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To the Editor:—
A paper on infant mortality by Verhoestraete and Puffer appeared in The Journal (167:950-959 [June 21] 1953). Some six years of work for the World Health Organization and the United Nations Children's Fund in rural China and northeastern Brazil gradually forced upon me a conviction that in so-called underdeveloped countries (i. e., countries with few machines and little money but many people), the quickest, simplest, and easiest approach to reduction of sickness and death at childbirth is by training rural midwives. One teaches them simply and practically to do a few things—the main ones being to (1) recognize easily perceptible anomalies of pregnancy early and, if possible, send women with such anomalies to a doctor before labor begins; (2) scrub their own hands with soap and hot, boiled, running water, poured from a tin can or kettle; (3) under no circumstances insert their fingers into the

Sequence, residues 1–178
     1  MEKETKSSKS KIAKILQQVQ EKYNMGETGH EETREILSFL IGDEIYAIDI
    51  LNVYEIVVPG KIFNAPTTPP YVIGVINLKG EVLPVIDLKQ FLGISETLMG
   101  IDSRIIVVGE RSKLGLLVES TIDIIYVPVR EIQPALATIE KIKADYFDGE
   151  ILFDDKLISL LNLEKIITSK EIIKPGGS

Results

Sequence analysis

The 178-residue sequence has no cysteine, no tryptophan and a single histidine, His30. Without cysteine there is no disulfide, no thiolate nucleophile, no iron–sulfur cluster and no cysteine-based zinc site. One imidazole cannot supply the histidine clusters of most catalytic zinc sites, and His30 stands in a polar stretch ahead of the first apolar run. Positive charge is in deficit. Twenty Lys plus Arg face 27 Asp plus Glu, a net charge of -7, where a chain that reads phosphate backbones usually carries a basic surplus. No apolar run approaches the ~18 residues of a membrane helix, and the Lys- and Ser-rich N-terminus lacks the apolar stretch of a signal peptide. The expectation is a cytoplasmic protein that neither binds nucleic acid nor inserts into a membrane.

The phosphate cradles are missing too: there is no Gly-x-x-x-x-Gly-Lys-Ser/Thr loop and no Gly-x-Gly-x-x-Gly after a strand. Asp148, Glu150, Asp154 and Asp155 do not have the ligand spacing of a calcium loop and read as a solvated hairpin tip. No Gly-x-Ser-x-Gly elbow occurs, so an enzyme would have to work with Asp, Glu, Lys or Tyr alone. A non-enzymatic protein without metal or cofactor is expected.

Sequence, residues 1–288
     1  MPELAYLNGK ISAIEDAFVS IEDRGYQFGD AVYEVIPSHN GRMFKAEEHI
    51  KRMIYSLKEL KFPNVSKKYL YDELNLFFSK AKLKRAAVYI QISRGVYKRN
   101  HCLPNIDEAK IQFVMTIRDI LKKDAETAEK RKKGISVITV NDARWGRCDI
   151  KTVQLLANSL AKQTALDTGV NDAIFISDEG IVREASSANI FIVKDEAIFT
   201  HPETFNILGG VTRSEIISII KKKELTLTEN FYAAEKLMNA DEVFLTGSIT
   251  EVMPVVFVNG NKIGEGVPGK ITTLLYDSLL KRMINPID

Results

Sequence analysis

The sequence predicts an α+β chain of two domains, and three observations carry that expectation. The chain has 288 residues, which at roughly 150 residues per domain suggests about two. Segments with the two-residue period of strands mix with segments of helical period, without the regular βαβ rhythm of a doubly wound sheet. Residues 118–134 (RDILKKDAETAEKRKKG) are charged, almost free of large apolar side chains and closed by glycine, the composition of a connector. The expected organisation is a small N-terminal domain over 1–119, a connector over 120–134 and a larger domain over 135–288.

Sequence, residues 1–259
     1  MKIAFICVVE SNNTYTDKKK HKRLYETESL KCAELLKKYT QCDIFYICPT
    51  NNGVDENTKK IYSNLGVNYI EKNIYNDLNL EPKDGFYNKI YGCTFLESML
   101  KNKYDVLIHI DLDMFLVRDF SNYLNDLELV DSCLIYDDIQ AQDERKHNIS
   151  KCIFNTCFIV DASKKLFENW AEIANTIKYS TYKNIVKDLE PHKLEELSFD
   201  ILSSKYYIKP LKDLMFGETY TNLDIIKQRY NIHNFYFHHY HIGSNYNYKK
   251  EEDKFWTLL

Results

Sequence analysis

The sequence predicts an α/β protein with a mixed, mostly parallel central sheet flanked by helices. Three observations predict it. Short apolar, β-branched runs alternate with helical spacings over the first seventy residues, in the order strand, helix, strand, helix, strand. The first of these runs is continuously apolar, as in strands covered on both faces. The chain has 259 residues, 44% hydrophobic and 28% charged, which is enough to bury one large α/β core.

Eloesser L. FETAL AND MATERNAL LOSS. JAMA. 1958;167(16):2029-2030. doi:10.1001/jama.1958.02990330125020